“It’s not about us. It’s not about the foundation. We would like more people to implement some of the things that we have done,” said Winata. The foundation is just a beginning, but it can form waves that lead to changes in other places.
Even Strong Waves Can Crash
“Moving forward, what we’re trying to do with the foundation right now is that we are trying to be innovative. We’re trying to recreate it. We’re trying to think outside of the box. It’s almost like we’re a laboratory for the Anambas, which is the area we’re in. What we have as a foundation and what I have personally as the head, that I’m very fortunate to have, is the ability to fail,” said Winata.
His bosses, Chapman and Hartnol, have given him space to experiment. Since the reserve has the money to try new plans, it can take risks that can help other places be more sustainable.
Winata said Chapman and Hartnoll let him “create stuff, try things, be a bit crazy, be a bit unorthodox, be a bit more unconventional to try to come up with solutions.” He explained that the foundation has to have specific goals to be successful when it takes risks.
Winata’s focus is not on solving world problems but rather finding solutions for small and remote islands. He said, “There’s so many amazing solutions and innovations for waste management, but none catered for small island communities … People tend to forget or tend to think it is too much risk of an investment, because the amount of investment required is pretty much the same [as for a big island], but the return on it is very tiny because instead of serving a million people, the solution might only serve 200 to 1,000 people.”
As he continues on this journey to innovate on islands, he said the amount of learning “is overwhelming and it brings a whole new level of humility.”
It is no wonder he is learning so much since he has a broad role. At the foundation, Winata said he is “wearing two hats. I’m running this nonprofit that focuses on the community level on the outside, but I also still play a role as the advisory role on sustainability to this amazing resort.”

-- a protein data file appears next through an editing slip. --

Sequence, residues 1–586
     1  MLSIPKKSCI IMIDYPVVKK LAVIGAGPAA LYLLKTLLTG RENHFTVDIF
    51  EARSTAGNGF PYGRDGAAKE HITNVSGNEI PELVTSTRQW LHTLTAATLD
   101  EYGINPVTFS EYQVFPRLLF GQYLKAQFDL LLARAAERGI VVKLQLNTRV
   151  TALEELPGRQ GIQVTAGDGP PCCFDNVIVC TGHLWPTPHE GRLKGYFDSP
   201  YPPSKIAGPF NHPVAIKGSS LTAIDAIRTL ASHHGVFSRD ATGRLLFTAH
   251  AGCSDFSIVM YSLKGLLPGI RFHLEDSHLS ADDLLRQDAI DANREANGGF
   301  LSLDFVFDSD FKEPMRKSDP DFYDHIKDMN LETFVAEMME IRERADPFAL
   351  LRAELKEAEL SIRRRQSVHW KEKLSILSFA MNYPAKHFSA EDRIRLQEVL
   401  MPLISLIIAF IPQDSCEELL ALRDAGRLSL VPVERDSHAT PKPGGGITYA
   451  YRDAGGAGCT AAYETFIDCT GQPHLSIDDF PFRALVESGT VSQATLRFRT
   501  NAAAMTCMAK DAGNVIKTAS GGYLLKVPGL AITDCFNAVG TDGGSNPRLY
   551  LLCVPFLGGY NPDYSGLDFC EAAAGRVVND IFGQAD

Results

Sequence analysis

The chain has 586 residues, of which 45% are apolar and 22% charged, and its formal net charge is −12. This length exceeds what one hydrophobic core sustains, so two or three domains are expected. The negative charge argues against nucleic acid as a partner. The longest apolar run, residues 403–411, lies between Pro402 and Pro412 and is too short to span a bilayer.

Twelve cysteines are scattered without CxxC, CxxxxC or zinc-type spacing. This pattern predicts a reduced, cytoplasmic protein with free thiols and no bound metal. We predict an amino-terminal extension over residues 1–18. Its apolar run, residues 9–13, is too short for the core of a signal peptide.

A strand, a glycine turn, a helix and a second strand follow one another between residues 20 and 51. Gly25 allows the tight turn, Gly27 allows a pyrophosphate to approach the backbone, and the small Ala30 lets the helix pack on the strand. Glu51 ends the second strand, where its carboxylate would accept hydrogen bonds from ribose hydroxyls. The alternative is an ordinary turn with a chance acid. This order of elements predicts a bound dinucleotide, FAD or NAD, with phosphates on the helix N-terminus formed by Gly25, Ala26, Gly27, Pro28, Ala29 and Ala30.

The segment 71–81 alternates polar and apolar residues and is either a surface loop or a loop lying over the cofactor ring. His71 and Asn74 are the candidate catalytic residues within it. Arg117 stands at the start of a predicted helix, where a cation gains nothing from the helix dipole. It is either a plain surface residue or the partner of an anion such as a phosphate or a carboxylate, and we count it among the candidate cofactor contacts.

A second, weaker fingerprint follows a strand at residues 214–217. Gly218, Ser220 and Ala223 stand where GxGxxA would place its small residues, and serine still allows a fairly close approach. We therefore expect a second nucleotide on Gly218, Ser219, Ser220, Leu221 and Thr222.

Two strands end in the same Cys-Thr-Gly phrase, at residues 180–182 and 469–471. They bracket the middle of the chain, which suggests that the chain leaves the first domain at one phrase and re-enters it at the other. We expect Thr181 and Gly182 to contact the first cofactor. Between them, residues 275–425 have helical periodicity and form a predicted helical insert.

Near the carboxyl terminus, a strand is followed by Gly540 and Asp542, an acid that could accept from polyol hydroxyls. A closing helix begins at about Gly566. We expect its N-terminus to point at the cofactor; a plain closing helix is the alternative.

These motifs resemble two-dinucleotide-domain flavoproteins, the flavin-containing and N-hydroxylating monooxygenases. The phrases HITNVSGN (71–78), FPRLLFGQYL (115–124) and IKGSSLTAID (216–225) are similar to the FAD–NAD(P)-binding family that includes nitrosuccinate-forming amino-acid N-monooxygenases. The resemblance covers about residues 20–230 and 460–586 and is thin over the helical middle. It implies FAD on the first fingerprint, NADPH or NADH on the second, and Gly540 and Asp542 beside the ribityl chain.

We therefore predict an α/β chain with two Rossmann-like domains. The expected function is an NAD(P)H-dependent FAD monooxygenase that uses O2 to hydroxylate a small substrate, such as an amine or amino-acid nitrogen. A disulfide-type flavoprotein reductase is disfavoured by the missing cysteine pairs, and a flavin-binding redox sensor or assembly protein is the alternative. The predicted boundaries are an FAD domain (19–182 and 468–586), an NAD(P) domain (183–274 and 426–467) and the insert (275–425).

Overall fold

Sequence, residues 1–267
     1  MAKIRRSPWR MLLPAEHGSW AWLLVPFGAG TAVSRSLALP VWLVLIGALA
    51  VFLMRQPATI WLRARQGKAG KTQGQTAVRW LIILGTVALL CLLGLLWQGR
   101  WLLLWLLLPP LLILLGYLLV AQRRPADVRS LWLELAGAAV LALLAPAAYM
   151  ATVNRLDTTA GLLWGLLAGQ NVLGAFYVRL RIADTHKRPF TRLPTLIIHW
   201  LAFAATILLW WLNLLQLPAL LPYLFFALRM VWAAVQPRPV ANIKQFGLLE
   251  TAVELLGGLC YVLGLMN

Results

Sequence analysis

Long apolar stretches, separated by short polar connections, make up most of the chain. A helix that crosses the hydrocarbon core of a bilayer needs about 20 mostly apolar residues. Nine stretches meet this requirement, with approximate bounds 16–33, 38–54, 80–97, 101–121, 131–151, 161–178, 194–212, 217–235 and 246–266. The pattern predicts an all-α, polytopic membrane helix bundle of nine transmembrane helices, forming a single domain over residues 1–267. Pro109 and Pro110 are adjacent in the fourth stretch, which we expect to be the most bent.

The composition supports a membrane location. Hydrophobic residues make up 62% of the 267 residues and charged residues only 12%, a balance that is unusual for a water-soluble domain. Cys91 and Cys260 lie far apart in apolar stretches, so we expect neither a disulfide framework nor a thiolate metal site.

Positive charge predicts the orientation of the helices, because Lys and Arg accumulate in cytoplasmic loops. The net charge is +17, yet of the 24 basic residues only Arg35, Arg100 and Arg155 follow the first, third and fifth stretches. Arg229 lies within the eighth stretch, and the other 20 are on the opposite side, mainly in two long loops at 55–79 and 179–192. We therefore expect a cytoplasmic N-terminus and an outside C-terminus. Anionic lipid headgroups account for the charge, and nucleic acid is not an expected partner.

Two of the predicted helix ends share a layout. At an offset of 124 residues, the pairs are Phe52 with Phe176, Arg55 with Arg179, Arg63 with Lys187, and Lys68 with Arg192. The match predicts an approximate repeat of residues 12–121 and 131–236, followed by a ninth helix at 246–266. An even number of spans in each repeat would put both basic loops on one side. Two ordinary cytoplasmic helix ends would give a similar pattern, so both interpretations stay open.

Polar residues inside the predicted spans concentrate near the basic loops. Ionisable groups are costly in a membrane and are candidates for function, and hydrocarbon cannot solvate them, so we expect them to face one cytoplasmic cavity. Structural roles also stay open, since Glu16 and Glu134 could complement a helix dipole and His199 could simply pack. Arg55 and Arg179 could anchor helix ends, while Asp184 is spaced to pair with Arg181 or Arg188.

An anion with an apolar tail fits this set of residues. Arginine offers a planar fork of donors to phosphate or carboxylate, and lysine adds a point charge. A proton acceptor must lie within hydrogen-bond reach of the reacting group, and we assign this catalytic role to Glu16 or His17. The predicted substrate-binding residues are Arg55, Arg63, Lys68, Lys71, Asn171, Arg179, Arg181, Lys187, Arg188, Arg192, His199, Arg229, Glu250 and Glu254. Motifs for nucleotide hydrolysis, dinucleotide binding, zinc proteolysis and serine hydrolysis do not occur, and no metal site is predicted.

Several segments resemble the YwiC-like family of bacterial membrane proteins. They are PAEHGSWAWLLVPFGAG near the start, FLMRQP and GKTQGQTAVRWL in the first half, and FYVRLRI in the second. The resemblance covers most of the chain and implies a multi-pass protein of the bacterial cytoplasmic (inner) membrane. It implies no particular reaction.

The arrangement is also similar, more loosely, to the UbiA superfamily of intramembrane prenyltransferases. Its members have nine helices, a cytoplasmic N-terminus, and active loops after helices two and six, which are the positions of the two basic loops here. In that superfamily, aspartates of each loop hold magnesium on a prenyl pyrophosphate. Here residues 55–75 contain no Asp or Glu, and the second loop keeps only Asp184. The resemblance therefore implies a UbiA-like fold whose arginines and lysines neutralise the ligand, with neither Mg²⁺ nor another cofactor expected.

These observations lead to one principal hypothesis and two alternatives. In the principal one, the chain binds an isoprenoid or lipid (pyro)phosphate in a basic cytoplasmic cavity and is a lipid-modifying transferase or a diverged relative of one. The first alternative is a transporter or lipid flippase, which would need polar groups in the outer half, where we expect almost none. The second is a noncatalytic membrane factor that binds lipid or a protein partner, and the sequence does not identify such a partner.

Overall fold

Bringing it to Shore
There are three pillars of sustainability: environment, social, and economic. Winata said many people tend to forget about the latter. He explained that the foundation is not a charity, but everything it does should be an investment and “should bring concrete economic benefits to the resort,” which will in turn allow it to continue helping the other aspects of the pillar by promoting conservation and helping the community.
By maintaining this holistic perspective, it can increase sustainability in the Anambas Islands but also afford to experiment to find the best approaches to sustainability in similar places. In just two years, Winata’s work has rippled across the island, community, and visitors, and it continues to flow outward to improve sustainability across the water.
Even small waves can travel far distances, carrying energy and water from small islands of Indonesia to far flung places across the ocean. It is not surprising that in our world that becomes smaller every day, the wave of Jerry Winata found me in my home of Apex, North Carolina, in the United States. Winata’s passion and drive have inspired in me a continued appreciation for marine conservation and inclusion of the surrounding community.
Methods for increasing sustainability are characteristic to different places, so when implementing sustainability programs, we must adapt by listening to and understanding people. Islands are unique and often isolated places that require such plans. While Winata has started at small islands in Indonesia, his work can still be impactful across the ocean.